Mar 19 • 25M

We Don't Know What We Don't Know

Why it's critical to get dialed into the world of disruptive innovation

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Episode details

This segment originally appeared in the July 2022 episode of Exploring Atlanta entitled, Taking Stock of Innovation

Take A Glimpse Into the Vast Unknown

Undoubtedly, you have heard the old adage, "We don't know that we don't know."

Well, here's your chance to get a glimpse into that unknown world of ours…

If you're like me, you won't understand everything in this 15-min video but, if you stick with it, you will gain some insight into a field (quantum computing) that very few people know anything about. I mean, just ask the next ten people you see today to explain what it is. Heck, just ask them if they have ever heard of it.

The larger, and far more important, point here is that the body of knowledge that we (the average human) are unaware of is vast. In other words, there is way more that we don't know that we can possibly imagine.

Click on image to access the video

JPMorgan Chase has hired a Singapore-based quantum-computing expert to be the bank’s global head for quantum communications and cryptography, according to a memo obtained by CNBC.

Charles Lim, an assistant professor at the National University of Singapore, will be focused on exploring next generation computing technology in secure communications, according to the memo from Marco Pistoia, who runs the bank’s global technology applied research group.

Lim is a “recognized worldwide leader” in the area of quantum-powered communications networks, according to Pistoia.

[CNBC, 7.28.22]

Major Implications

On a practical level, this has profound (possibly devastating) implications for decision-makers who are responsible for making long-range, investment-intensive decisions. Take transit planning, for example. If today's transit planners are unaware (or skeptical) of the disruptive technologies that are on the cusp of becoming a reality — such as artificial intelligence, autonomous vehicles, machine learning, battery technology, and more — one can easily see how these very smart and well-intentioned people could make some very poor decisions when it comes to long-range transit investments. That's just one example. Every field — including education and healthcare — and virtually every business in the world, is in the same boat.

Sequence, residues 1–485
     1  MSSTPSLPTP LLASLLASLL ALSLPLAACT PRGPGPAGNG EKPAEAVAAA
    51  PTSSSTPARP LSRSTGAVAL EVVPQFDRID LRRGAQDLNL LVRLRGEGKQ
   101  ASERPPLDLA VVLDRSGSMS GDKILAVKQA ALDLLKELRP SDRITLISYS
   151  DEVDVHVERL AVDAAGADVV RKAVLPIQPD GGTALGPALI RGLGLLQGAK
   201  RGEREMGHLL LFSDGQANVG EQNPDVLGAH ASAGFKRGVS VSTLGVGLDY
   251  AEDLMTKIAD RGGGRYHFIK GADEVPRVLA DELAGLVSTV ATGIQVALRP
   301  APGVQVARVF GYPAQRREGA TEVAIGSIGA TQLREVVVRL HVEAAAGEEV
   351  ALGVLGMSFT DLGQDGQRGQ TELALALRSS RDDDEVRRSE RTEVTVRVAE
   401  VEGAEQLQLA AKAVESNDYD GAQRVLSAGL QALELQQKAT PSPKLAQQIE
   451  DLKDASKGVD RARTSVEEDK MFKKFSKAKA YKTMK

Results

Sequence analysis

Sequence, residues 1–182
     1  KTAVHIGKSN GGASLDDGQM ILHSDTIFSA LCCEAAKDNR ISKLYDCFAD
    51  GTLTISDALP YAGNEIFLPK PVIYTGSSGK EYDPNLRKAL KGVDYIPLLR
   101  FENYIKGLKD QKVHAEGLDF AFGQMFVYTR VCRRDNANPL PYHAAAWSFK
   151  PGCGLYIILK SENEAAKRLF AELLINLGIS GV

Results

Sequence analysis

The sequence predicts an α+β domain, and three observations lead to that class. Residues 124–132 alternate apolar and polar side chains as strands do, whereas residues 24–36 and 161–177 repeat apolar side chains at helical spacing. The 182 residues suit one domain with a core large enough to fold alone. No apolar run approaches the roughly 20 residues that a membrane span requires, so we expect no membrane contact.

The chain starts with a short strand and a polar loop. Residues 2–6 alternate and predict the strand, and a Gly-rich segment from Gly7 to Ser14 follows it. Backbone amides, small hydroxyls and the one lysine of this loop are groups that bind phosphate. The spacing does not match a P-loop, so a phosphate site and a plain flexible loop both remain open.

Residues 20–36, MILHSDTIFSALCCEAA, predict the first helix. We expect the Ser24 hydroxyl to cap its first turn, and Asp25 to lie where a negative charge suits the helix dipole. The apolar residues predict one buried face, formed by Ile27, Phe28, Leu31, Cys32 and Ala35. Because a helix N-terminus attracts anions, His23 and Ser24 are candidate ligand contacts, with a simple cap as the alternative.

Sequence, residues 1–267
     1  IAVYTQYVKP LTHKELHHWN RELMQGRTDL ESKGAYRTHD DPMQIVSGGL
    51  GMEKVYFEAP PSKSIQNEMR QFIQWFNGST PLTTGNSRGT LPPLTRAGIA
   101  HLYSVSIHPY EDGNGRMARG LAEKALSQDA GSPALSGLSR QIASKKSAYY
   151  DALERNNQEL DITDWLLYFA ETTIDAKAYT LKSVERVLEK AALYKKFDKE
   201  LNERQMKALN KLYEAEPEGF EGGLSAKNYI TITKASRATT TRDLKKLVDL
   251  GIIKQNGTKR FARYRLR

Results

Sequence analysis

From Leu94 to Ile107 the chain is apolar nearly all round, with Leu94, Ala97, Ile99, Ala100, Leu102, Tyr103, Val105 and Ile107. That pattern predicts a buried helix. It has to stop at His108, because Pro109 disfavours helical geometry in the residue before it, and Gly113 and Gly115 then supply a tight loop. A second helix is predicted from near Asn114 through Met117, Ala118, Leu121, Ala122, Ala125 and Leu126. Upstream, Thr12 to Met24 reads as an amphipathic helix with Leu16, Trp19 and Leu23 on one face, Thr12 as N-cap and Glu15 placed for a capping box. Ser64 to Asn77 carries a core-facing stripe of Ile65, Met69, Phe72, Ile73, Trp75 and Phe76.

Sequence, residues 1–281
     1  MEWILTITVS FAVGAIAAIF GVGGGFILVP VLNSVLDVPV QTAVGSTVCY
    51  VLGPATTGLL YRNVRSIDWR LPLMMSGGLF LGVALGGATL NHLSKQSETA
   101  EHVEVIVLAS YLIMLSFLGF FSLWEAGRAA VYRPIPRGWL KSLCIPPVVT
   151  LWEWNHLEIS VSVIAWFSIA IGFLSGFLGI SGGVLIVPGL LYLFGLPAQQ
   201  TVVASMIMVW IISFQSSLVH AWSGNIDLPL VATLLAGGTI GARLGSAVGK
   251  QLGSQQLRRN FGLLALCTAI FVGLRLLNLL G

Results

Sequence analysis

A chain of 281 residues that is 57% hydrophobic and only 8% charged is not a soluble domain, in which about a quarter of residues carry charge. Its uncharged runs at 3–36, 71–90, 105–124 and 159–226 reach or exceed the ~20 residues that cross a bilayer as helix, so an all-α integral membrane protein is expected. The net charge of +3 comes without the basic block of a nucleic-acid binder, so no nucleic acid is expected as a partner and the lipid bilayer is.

Disruptive Technologies Research

Click on image to download “Big Ideas 2022” report

Key Takeaways

  1. We all need to understand and acknowledge that there is a lot more that we don't know (than we can imagine, or are willing to accept)

  2. This lack of awareness or knowledge can (will) have huge implications in our personal and business lives

  3. The pace of innovation, especially in the way of disruptive technologies, is accelerating at warp speeds right now

  4. If one is responsible for making long-range (investment-intensive) decisions, this lack of insight can lead to catastrophic decisions (for future generations)

  5. Public and private organizations need to collaborate with subject-matter experts who understand disruptive technologies and their potential impacts. Consulting firms like Accenture, BCG, McKinsey and PwC can all help with this.

  6. Decision-makers need to develop a sense of urgency about this. Disruptive technologies are advancing at warp speeds right now, and they are converging! This is multidimensional and multidisciplinary in nature.

  7. All of this makes the probability of making bad decisions much higher than most of us realize.

This post is intended to be a conversation starter. Please share it with your friends and colleagues and discuss the points above. Challenge yourself, expand your learning areas and, most of all, question your assumptions.

I'll sum it up with one of my all-time favorite quotes:

"It's not what you don't know that can hurt you, it's what you know that just ain't so." ~ Satchel Paige (attributed)

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